Asleep at the wheel
West County mother tries to raise awareness of danger of driving while drowsy
By Mary Shapiro
On March 19, 2010, 18-year-old Tyler Warne, a senior at Parkway South High School in Manchester, died in a single car accident on Interstate 255.
The car missed a curve, ran down an embankment, hit a tree and a culvert and flipped over several times, according to the police report.
It was a sunny afternoon on the last Friday of Parkway District’s spring break.
Police found no evidence of alcohol, drugs or reckless driving.
“It was determined that the contributing factor was fatigue,” Tyler’s mother, Kerrie Warne, said. “In all likelihood, Tyler nodded off to sleep and was killed instantly.”
Tyler’s death spurred Warne to launch the website www.TyREDD.com, pronounced “tired”, which stands for Tyler Raising Education about Driving Drowsy.
To honor his memory, she’s planning to start making presentations at high schools and other venues to raise awareness of the dangers of driving while fatigued.
Tyler was involved in football, wrestling, track, choir, student council, and DECA, an internatinal association of marketing students. He was a good student, and had been accepted at Texas Christian University, Kerrie and her husband, Kyle, said.
“Tyler was so very accepting of everyone and went out of his way to make people feel special,” said Kerrie, who works as director for St. Alexius Hospital’s bariatric program, NewStart.
He could connect with anybody, said Kyle, who is a nursing student and an ICU tech at St. Johns Mercy Medical Center.
“A vigil the Sunday after he died had to be moved to the school gym because more than 200 kids and families came to share their stories of him, and his wake was standing room only,” Kerrie said.
She’s been supported in her awareness work by Tyler’s siblings, Austin, 12, and Sydnie, 10, who are sharing their stories.
“Sydnie’s been writing a book for kids who’ve lost siblings,” Kerrie said.
While parents talk to children about the dangers of speeding, alcohol, texting and drugs, nothing is typically said about fatigue, Kerrie said. “The National Highway Institute says one in six drivers is too tired to be behind the wheel, and the National Highway Traffic Safety Administration estimates that 100,000 police-reported crashes each year are the direct result of driver fatigue,” Kerrie said.
She said a National Sleep Foundation national survey found that 103 million people admitted they have briefly fallen asleep at the wheel, with 60 percent of those surveyed saying they’ve driven while drowsy.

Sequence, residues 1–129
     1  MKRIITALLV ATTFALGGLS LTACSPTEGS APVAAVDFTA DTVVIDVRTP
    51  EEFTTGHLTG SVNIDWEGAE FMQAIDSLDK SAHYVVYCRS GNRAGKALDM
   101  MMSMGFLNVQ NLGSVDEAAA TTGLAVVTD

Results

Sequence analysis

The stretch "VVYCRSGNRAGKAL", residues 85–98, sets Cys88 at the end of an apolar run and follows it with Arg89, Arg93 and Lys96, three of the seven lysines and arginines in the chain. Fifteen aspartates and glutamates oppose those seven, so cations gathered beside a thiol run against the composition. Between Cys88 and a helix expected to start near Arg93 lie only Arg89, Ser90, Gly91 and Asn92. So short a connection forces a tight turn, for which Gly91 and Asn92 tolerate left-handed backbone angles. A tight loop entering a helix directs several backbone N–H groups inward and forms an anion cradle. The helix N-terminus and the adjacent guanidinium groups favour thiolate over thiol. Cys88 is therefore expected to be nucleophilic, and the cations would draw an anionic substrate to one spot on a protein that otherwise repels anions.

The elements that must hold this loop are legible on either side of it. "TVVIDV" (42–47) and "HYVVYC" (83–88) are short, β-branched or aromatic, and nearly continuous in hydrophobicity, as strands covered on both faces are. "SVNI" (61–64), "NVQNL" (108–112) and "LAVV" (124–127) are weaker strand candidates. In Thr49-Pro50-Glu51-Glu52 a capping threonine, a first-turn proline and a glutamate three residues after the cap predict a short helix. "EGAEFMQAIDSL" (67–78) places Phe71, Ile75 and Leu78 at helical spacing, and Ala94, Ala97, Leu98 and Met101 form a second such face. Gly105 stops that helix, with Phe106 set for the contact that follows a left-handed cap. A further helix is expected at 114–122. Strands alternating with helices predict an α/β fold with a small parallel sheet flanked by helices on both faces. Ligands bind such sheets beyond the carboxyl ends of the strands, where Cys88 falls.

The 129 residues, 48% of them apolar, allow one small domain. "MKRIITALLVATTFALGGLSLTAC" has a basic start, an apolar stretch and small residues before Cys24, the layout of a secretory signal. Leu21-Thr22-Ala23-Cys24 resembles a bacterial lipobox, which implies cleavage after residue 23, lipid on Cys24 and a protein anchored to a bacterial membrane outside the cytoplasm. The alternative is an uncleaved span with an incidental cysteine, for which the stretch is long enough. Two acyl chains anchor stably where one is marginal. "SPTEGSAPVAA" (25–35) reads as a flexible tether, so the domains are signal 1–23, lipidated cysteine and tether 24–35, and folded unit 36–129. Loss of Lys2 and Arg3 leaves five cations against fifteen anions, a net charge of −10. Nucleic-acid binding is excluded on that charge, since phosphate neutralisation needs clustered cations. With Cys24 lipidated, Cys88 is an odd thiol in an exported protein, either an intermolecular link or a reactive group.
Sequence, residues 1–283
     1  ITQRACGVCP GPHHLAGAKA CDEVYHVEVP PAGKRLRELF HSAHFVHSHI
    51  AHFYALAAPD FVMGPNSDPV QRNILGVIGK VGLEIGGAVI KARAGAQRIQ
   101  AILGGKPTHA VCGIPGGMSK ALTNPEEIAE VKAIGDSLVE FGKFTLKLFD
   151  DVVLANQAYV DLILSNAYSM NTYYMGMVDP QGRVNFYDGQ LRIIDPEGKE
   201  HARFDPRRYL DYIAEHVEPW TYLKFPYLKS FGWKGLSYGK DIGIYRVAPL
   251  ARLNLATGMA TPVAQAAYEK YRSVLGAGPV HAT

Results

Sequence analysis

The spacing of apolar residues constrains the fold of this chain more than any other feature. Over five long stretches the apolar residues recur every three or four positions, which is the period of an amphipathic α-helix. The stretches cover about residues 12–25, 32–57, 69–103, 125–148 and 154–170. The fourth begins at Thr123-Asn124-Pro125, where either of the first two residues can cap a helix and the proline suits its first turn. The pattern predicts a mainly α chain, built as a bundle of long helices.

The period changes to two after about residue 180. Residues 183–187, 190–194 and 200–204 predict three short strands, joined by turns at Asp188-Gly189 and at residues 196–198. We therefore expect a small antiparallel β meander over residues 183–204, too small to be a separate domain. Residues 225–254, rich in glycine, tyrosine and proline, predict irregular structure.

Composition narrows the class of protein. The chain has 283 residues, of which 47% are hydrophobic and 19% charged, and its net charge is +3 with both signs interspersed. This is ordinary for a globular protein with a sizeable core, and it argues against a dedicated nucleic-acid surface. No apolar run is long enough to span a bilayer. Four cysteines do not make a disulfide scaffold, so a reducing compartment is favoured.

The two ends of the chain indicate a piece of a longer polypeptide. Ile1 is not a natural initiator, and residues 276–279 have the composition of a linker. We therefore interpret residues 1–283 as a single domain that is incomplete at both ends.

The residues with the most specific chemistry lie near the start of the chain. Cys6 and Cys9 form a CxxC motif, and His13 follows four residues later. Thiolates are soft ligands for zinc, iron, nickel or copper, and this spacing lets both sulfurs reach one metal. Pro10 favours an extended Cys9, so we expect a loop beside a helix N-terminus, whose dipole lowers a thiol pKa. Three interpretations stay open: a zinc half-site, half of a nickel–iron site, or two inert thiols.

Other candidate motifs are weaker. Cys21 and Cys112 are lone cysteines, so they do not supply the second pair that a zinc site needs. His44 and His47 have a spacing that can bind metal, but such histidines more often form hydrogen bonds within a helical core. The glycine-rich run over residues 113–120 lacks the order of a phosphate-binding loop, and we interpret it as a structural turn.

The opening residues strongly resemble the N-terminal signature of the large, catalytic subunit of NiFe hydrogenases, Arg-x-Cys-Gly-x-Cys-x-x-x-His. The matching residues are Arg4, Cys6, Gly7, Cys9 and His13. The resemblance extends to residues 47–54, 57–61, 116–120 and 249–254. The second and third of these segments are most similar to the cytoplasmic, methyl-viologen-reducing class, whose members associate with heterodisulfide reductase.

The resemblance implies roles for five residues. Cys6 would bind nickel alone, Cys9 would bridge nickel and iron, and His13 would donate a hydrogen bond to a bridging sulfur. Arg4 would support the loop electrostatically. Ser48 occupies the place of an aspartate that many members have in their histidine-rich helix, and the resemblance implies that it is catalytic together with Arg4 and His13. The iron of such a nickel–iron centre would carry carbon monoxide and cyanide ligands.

“High risk times for driving drowsy, especially for those aged 25 and younger, are midnight to 6 a.m. and the “midafternoon slump” from 2 to 4 p.m.,” Kerrie said.
She’s concerned that, in other states besides Missouri, police reports include a code for fatigue or sleepiness as a cause on crash report forms.
“There’s no specific place on the universal police report used by police departments statewide to list fatigue or sleepiness as a cause of a crash, so this state doesn’t keep statistics on that,” said Lt. John Enderle, with the Missouri State Highway Patrol Troop C.
“The only place you’ll find it listed is in the accident narrative, which doesn’t go in our statistics which we collect from all police agencies,” he said.
Young people like Tyler are the largest at-risk group for fall-asleep crashes due to their hectic social, work and school schedules, which often cause chronic sleep deprivation, Kerrie said.
Matt Uhles, director of operations with the Clayton Sleep Institute, is working with Kerrie on her campaign.
A fatality is more likely with drowsy than drunk driving, he said, because even a drunk driver will try to avoid an accident.
“A characteristic of drowsy driving accidents is that there’s no swerving or braking seen,” Uhles said.
Missouri has tried to deal with drowsy drivers.
Guard cable saves an average of 45 lives each year and up to 100 lives a year are saved by rumble strips, among other things, said Kara Price, intermediate community relations specialist – St. Louis for the Missouri Department of Transportation.
“We miss Tyler tremendously, and, as a bereaved parent, your biggest fear is that your child will be forgotten, so I know what my mission is,” Kerrie said.
She hopes to soon speak to Parkway South High health classes, and a teacher friend at a Francis Howell High School has asked her to speak there.
Tyler’s girlfriend, Jordan Tuchmann, praised his “great family, who, by putting this out, will try to make sure this doesn’t happen to anyone else.”
“If I can save one kid and their family from our experience, Tyler’s death will not have been in vain,” Kerrie said.